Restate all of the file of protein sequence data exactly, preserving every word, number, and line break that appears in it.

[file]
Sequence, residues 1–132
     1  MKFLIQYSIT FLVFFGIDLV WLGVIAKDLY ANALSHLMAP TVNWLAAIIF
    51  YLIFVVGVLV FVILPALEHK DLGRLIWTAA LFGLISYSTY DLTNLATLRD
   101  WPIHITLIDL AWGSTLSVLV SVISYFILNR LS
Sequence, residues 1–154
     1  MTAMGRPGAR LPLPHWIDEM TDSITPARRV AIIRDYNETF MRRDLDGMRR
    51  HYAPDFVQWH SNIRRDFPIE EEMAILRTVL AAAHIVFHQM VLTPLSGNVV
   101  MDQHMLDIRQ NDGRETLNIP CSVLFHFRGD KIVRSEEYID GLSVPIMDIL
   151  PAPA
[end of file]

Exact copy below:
Sequence, residues 1–132
     1  MKFLIQYSIT FLVFFGIDLV WLGVIAKDLY ANALSHLMAP TVNWLAAIIF
    51  YLIFVVGVLV FVILPALEHK DLGRLIWTAA LFGLISYSTY DLTNLATLRD
   101  WPIHITLIDL AWGSTLSVLV SVISYFILNR LS
Sequence, residues 1–154
     1  MTAMGRPGAR LPLPHWIDEM TDSITPARRV AIIRDYNETF MRRDLDGMRR
    51  HYAPDFVQWH SNIRRDFPIE EEMAILRTVL AAAHIVFHQM VLTPLSGNVV
   101  MDQHMLDIRQ NDGRETLNIP CSVLFHFRGD KIVRSEEYID GLSVPIMDIL
   151  PAPA